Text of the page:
Why is it called “Paris 7”?


One question people often ask is why the university is called “Paris 7”, followed by the realization that there are (were!) thirteen universities in Paris, numbered from “Paris 1” to “Paris 13”. Here’s an attempt at explaining it (though I’m sure I can’t cover all the reasons.)

At the beginning

Prior to the 70’s, there was one big Parisian university, called Université de Paris. It was founded in 1896 and was the successor of the university founded in the XIIth century which closed down during the French revolution. Its headquarters were in the “Sorbonne” building, and it was common to simply call the university “la Sorbonne”, a name that is still rather famous. It was subdivided in “faculties”, such as the science faculty or the law faculty.

While higher education used to be reserved for the elite, after the two world wars, more and more students started to go to university. According to Wikipedia, while in 1914 there were about 17,000 students, in 1956 there were 64,000. (As a comparison, today the Parisian universities total more than 330,000 students.) This led to the expansion of the university in the suburbs of Paris and in new campuses around the city.

May 68

Then in May 1968 (popularly known as mai soixante-huit), France knew a period of unrest. Students started to strike in Paris, to protest against capitalism, consumerism, American imperialism, and de Gaulle. The president of the university called the police to suppress the strike, which did not go well. Some professors started supporting the students and striking too. Students erected barricades to block streets, protests spread around France, and in the middle of May, about half a million people demonstrated through Paris. This was followed by a general strike, during which every French worker was invited to go on strike; on May 22nd, ten million people did not go to work.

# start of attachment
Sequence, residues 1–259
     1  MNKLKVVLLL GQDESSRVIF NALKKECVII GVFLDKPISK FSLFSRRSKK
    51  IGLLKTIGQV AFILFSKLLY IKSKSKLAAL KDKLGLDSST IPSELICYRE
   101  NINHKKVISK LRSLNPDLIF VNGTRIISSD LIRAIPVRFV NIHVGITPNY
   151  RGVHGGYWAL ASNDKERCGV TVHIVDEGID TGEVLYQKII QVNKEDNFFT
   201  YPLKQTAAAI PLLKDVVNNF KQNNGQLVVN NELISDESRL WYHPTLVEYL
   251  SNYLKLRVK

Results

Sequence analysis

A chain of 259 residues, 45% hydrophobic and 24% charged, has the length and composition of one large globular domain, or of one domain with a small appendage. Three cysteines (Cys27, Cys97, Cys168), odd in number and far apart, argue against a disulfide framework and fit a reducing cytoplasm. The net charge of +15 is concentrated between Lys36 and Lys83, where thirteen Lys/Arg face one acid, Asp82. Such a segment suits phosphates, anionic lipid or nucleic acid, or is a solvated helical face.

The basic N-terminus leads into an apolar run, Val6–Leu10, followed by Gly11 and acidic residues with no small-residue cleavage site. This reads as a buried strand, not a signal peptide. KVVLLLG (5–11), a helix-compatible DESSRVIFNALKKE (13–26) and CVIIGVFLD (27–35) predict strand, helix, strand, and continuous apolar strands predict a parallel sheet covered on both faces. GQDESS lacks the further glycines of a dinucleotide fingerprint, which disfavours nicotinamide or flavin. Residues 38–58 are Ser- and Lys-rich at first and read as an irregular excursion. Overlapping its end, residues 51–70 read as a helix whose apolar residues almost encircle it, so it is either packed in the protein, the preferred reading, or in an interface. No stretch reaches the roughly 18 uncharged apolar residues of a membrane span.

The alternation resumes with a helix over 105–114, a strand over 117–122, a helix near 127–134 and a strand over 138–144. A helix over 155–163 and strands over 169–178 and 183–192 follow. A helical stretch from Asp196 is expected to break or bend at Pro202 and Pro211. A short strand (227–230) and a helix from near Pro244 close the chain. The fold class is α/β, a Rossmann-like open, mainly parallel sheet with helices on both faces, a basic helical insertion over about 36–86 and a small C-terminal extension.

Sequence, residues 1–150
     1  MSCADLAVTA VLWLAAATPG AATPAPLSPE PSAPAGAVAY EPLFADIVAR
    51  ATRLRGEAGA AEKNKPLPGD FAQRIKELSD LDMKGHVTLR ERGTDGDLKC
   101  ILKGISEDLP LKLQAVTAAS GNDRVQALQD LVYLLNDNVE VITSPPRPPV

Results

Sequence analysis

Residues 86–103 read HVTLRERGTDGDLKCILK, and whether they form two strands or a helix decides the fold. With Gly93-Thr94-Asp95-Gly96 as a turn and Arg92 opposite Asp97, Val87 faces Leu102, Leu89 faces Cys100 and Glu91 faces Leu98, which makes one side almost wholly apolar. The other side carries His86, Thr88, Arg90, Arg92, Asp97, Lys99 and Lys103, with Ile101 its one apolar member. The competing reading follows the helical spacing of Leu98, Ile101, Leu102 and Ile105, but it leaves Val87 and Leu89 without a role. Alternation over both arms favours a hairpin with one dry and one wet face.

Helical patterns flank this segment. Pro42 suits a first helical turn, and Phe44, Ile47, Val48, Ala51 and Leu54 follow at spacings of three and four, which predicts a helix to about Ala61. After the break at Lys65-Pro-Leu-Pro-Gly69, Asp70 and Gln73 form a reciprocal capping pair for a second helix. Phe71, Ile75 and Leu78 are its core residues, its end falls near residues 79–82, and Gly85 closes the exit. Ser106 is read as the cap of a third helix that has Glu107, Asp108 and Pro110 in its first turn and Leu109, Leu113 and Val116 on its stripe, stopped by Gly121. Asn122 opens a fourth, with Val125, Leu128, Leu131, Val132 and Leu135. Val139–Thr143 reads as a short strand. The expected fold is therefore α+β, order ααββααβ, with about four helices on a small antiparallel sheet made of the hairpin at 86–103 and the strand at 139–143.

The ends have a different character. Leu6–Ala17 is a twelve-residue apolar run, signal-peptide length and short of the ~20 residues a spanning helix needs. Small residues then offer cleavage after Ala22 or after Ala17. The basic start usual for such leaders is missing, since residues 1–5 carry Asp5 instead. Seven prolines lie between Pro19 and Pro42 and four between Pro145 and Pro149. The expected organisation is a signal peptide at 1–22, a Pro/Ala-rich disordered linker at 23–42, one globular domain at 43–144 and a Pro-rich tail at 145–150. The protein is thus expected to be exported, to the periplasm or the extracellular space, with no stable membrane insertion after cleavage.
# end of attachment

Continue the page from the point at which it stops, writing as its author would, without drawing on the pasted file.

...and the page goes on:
After a bit of flailing around, at the end of May, the government signed the “Grenelle Agreements”. These included, among other things, a 35% augmentation of minimum wage, a 10% increase of all wages, the creation of company chapters for unions, and a fourth week of paid holidays for all workers. President De Gaulle also decreed the dissolution of the National Assembly (the main legislative body of France), followed by elections which were largely won by De Gaulle’s party. He also announced a referendum on a constitutional reform at that time, which took place a year after. He lost that referendum, had to resign, and was replaced by Pompidou. May 68 is still largely present in French culture (although it has been… sugarcoated in collective memory and mediatic renditions). Some slogans are still very well known, such as the rhyming “CRS: SS”, where CRS is the French riot police, and SS is the Nazi political police. The legends tell us that CRS’s chanted back “étudiants: diants diants”, where “étudiants” means “students” and “diants“… is meaningless.